A sweet, funny, sincere story in which siblings work together.

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WEDNESDAYS IN THE TOWER

From the Castle Glower series , Vol. 2

What happens when your playfully sentient stone palace goes off kilter and leaves you a bright orange egg to care for—secretly?

Princess Celie and her family love Castle Glower and its habit of adding and removing rooms on Tuesdays (Tuesdays at the Castle, 2011). But now the Castle changes on Wednesdays too, and the modifications have a frantic air. In a tower that only she can see, Celie discovers a huge egg and nurtures it. Startlingly, what hatches is a griffin. Celie keeps fast-growing Rufus hidden; she tries to tell the king and queen, “[b]ut as soon as I opened my mouth to do it, that pack of cloaks fell down the chimney.” The Castle allows only Celie, one older brother (Bran, the Royal Wizard) and amiable Pogue (the village blacksmith) to know about Rufus. George’s core mysteries—if griffins are mythical, why do hallway tapestries imply that the Castle once had “ordinary, every day griffins?” Is the Castle frightened or, possibly, angry?—intrigue. Historical exposition is somewhat dry, but Celie’s flights on Rufus’ back are exhilarating. Danger lurks, somehow related to a visiting wizard and an unknown foreign land, but its precise nature waits for next time, as this installment ends on a cliffhanger (almost literally—several characters are high in the air).

A sweet, funny, sincere story in which siblings work together. (Fantasy. 8-11)

Pub Date: May 7, 2013

ISBN: 978-1-59990-645-4

Page Count: 240

Publisher: Bloomsbury

Review Posted Online: March 13, 2013

Kirkus Reviews Issue: April 1, 2013

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However the compelling fitness of theme and event and the apt but unexpected imagery (the opening sentences compare the...

TUCK EVERLASTING

At a time when death has become an acceptable, even voguish subject in children's fiction, Natalie Babbitt comes through with a stylistic gem about living forever. 

Protected Winnie, the ten-year-old heroine, is not immortal, but when she comes upon young Jesse Tuck drinking from a secret spring in her parents' woods, she finds herself involved with a family who, having innocently drunk the same water some 87 years earlier, haven't aged a moment since. Though the mood is delicate, there is no lack of action, with the Tucks (previously suspected of witchcraft) now pursued for kidnapping Winnie; Mae Tuck, the middle aged mother, striking and killing a stranger who is onto their secret and would sell the water; and Winnie taking Mae's place in prison so that the Tucks can get away before she is hanged from the neck until....? Though Babbitt makes the family a sad one, most of their reasons for discontent are circumstantial and there isn't a great deal of wisdom to be gleaned from their fate or Winnie's decision not to share it. 

However the compelling fitness of theme and event and the apt but unexpected imagery (the opening sentences compare the first week in August when this takes place to "the highest seat of a Ferris wheel when it pauses in its turning") help to justify the extravagant early assertion that had the secret about to be revealed been known at the time of the action, the very earth "would have trembled on its axis like a beetle on a pin." (Fantasy. 9-11)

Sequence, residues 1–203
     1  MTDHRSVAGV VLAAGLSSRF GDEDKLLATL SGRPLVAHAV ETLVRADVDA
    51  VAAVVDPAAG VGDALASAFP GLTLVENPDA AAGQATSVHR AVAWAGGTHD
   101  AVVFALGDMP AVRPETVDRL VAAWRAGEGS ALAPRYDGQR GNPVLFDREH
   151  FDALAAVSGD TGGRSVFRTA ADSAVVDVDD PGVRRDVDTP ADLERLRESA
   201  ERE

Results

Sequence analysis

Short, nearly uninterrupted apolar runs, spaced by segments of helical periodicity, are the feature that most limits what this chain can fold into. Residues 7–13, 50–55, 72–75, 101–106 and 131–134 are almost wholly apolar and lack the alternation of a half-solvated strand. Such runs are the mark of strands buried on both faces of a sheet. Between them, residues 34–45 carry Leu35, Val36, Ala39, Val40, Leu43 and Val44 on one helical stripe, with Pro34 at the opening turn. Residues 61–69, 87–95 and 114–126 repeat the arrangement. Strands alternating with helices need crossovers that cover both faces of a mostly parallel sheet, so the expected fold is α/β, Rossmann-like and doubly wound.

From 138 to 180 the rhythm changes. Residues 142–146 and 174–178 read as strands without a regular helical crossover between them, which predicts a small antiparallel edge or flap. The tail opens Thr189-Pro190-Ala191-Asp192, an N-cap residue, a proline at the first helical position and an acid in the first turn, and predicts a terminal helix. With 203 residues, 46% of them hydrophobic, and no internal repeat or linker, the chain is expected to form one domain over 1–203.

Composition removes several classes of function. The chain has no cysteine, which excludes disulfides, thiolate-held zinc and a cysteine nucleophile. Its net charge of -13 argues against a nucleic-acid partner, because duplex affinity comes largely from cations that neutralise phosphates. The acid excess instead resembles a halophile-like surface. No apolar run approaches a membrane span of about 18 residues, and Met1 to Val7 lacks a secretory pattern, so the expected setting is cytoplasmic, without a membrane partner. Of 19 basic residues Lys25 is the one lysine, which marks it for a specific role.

Pub Date: Nov. 1, 1975

ISBN: 0312369816

Page Count: 164

Publisher: Farrar, Straus and Giroux

Review Posted Online: April 13, 2012

Kirkus Reviews Issue: Nov. 1, 1975

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Series fans will enjoy revisiting familiar characters and exploring the island of Cuba with them.

THE MADRE DE AGUAS OF CUBA

From the Unicorn Rescue Society series , Vol. 5

The Unicorn Rescue Society investigates the disappearance of a Cuban sea serpent.

In the fifth series installment, returning protagonists Uchenna and Elliot are in school, learning about water, when Professor Fauna calls them away. As the kids board the professor’s rickety single-propeller plane, they learn where exactly they are heading: Cuba. The island is in the middle of a massive drought, and Professor Fauna has reason to believe that the Madres de aguas (the Mother of Waters) has gone missing. It’s up to the society to find the sea serpent before any more damage is done to the people and wildlife of Cuba. As they set out on their mission of derring-do, they realize that once again they are up against their nemeses, the Schmoke Brothers. Via Yoenis, their Cuban American society liaison, Uchenna, Elliot, and readers learn about the political and economic hardships experienced by the people of Cuba, the island’s lack of basic goods and necessities, and Cuba’s need for real democracy (although the current role of the military is elided). This is conveyed within a quick, fast-paced read that’s ideal for kids who want a straightforward magical adventure. Uchenna is Nigerian, Elliot is white and Jewish, and Professor Fauna is Peruvian.

Series fans will enjoy revisiting familiar characters and exploring the island of Cuba with them. (Fantasy. 8-10)

Pub Date: May 12, 2020

ISBN: 978-0-7352-3142-9

Page Count: 224

Publisher: Dutton

Review Posted Online: Feb. 26, 2020

Kirkus Reviews Issue: March 15, 2020

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